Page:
The journey of a drug – what it takes to be approved

Each year, the MND Association dedicates the month of June to raising MND awareness. This year, we focus on the eyes – in most people with MND the only part of their body they can still move and the only way left for them to communicate. Alongside the Association-wide campaign, the Research Development team selected six most-enquired about topics, which we will address through six dedicated blogs.

So far, there is no cure for MND. In the past 22 years, we have only seen approval of two drugs that were either shown to prolong the life of MND patients by several months (riluzole in 1995 in the US) or to slow down symptom progression (edaravone in 2015 in Japan). It is only reasonable that you might wonder ‘what is taking so long?’ or ‘why are there not more drugs available?’.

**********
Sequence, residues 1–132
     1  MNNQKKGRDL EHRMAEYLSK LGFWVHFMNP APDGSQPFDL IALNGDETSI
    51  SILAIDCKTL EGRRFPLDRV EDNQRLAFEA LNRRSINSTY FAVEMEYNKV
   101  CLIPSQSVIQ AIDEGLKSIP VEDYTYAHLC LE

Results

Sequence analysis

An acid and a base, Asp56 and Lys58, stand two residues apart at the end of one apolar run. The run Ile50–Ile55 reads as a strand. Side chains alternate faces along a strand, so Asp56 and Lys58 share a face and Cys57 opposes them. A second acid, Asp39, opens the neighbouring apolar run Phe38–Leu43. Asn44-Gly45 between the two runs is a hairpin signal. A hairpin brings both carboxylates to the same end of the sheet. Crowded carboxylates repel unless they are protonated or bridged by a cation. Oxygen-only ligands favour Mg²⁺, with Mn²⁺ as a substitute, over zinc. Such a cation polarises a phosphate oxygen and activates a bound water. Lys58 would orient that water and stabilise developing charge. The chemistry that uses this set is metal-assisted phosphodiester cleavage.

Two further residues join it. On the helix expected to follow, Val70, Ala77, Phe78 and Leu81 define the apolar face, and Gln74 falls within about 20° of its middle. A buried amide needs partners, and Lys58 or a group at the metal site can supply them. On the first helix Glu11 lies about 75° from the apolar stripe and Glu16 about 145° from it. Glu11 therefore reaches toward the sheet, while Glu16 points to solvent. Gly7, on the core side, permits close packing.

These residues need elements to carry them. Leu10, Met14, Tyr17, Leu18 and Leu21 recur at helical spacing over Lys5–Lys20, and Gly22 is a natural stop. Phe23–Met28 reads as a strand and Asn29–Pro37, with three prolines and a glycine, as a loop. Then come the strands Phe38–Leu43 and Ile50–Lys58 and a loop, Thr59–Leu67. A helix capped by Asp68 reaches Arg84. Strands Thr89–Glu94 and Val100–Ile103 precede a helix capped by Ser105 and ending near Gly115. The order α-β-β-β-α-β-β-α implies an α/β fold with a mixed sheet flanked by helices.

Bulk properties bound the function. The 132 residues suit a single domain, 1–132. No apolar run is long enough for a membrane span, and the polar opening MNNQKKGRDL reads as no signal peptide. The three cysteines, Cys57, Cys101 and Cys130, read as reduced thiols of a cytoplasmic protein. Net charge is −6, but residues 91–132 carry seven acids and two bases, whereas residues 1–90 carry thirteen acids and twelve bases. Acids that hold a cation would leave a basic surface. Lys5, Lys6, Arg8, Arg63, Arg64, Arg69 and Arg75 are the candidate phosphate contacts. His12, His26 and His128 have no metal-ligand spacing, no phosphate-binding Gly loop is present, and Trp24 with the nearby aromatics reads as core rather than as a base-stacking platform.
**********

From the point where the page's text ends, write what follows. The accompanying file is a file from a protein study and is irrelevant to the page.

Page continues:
It is very competitive in the world of medicinal drugs. From thousands of chemical compounds that are gradually eliminated as they go through different stages of drug development, only one makes it near the finish line. This line represents approval for marketing authorisation and there is no guarantee that this ‘top compound’ will actually make it to the end. So let’s have a closer look at the individual stages that a potential drug has to go through in order to be crowned the champion. Continue reading

Edaravone (Radicava) approved to treat MND in USA – what does this mean for people with MND in the UK

On Friday 5 May in America, the FDA, the organisation that approves drugs, announced that they’d granted a licence for the drug known as a Edaravone (to be marketed as Radicava ) for the treatment of MND. It’s unexpected news and we’re currently working out what this means for people with MND in the UK. Below is more information on what we know so far:

Continue reading

ANXA11 – another gene closer to understanding ALS

A new research paper has been published today in the Science Translational Medicine journal, describing a new gene implicated in developing MND. What is this gene and why is it important for our fight against MND?